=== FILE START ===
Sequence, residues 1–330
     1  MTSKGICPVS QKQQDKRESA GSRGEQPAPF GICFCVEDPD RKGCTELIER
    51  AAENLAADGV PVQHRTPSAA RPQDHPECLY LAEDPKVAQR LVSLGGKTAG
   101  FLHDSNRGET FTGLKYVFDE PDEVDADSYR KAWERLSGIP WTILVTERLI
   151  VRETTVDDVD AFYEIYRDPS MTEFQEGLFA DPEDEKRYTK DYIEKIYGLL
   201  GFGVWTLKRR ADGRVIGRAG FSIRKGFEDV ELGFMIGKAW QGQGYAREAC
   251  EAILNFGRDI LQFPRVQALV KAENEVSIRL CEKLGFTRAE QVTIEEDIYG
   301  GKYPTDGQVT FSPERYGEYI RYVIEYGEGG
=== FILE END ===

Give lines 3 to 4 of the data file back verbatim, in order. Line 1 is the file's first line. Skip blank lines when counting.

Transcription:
    51  AAENLAADGV PVQHRTPSAA RPQDHPECLY LAEDPKVAQR LVSLGGKTAG
   101  FLHDSNRGET FTGLKYVFDE PDEVDADSYR KAWERLSGIP WTILVTERLI